1. I agree Alex, that there is a genuine problem with people that are able to choose living on benefits as a career. However, there is a difference between making intelligent, necessary cuts to the welfare budget that hit will hit the poorest and neediest regressively less,  and making cuts without taking into account where the hatchet drops. I think you should consider this before endorsing Osborne’s plans, just because you agree with him, as I do, that there is a problem that has to be addressed. Just because you agree on a problem, doesn’t mean you have to agree on the proposed solution.

  2. Unemployment is essential to capitalism. 
     In February 2008, when the prospect of a recession in the UK was being debated, http://www.telegraph.co.uk/news/politics/1577313/Welfare-is-a-mess-says-adviser-David-Freud.html – who had been appointed by Prime Minister Tony Blair in 2006 to provide an “independent” review of the so-called welfare-to-work system.In the interview Freud claimed that he thought it was possible to get “about 1.4 million back to work”. By the time the final question of the interview came around he seemed to have forgotten the need to pretend he favoured an economy with lower unemployment, and when asked whether he thought there will be a recession, he replied “Yes, because we should have recessions every five or six years and we are due one”.This was one of the rare instances of a politician publicly departing from the mantra of claiming to want an economy that will produce “jobs and growth”.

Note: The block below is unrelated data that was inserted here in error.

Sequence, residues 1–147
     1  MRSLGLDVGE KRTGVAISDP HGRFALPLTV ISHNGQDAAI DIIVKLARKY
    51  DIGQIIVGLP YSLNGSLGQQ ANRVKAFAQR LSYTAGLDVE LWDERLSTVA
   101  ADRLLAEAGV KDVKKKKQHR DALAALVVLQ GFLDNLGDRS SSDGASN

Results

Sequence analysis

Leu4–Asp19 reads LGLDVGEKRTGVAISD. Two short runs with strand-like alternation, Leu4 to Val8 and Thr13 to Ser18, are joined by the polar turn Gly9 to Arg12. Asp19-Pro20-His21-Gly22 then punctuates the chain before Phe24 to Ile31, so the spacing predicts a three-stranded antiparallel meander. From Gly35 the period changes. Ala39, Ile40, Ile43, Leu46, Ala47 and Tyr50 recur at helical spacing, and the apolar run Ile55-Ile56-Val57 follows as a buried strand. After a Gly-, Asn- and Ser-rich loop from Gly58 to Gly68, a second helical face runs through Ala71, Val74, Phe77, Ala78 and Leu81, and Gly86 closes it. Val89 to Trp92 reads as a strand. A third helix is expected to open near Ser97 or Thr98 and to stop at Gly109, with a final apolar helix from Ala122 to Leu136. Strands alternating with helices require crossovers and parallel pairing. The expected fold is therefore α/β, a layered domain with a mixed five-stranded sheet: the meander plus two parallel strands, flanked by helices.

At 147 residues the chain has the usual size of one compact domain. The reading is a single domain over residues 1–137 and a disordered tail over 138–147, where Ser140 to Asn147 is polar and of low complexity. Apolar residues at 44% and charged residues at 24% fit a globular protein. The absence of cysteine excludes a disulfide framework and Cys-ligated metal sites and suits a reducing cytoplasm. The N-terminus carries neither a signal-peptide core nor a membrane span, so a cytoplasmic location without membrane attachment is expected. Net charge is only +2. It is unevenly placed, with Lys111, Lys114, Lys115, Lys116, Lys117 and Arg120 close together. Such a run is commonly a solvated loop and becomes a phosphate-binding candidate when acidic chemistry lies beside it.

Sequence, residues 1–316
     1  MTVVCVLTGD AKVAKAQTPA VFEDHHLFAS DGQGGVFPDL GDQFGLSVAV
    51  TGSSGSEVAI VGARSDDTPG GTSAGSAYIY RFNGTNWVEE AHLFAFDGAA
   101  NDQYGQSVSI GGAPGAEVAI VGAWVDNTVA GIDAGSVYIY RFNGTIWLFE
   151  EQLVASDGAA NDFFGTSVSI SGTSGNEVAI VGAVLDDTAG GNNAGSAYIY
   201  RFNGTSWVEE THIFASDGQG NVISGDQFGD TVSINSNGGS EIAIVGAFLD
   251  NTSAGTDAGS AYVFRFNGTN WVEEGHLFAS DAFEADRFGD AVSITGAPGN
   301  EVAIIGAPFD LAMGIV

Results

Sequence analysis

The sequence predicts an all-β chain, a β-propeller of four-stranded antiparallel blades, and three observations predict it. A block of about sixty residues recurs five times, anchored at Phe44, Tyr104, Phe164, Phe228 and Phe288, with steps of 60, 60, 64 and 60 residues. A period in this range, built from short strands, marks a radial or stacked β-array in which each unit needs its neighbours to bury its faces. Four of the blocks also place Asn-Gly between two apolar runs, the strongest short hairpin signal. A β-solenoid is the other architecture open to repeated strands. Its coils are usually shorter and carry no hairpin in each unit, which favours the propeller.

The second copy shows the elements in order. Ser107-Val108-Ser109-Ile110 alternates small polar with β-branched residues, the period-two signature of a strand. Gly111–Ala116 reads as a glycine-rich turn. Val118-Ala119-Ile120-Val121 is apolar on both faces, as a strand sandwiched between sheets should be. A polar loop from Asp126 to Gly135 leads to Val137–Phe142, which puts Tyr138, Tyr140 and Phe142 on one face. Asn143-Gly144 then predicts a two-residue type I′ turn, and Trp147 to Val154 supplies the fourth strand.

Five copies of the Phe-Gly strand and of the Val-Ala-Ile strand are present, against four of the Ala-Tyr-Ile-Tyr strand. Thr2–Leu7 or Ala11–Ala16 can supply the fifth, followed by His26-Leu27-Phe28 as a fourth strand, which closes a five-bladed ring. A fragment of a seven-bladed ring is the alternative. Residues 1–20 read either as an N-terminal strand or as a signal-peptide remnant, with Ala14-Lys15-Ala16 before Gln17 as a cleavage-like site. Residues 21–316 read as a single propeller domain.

Keynesian economist Joan Robinson wrote in The Times in 1943 that: “Unemployment is not a mere accidental blemish in a private enterprise economy. On the contrary, it is part of the essential mechanism of the system, and has a definite function to fulfill.The first function of unemployment (which has always existed in open or disguised forms) is that it maintains the authority of master over man. The master has normally been in a position to say: “If you don’t want the job, there are plenty of others who do.” When the man can say: “If you don’t want to employ me, there are plenty of others who will,” the situation is radically altered.”
    We are back to the pre-Keynesian era of mass unemployment, which was reintroduced in the 1970s & 80s. In 1974 the Times Economics Editor, Peter Jay wrote that  “Governments depending on consent cannot suspend the full employment commitment”. How wrong can you get!! Mass unemployment was deliberately reintroduced in the 1970s & 80s as I have documented here:
     http://thetruthaboutunemployment.wordpress.com/2012/09/17/the-reintroduction-of-mass-unemployment-in-the-1970s-80s/
    But unemployment works best as a weapon when the consequence of being unemployed are destitution, so the welfare state has to be dismantled.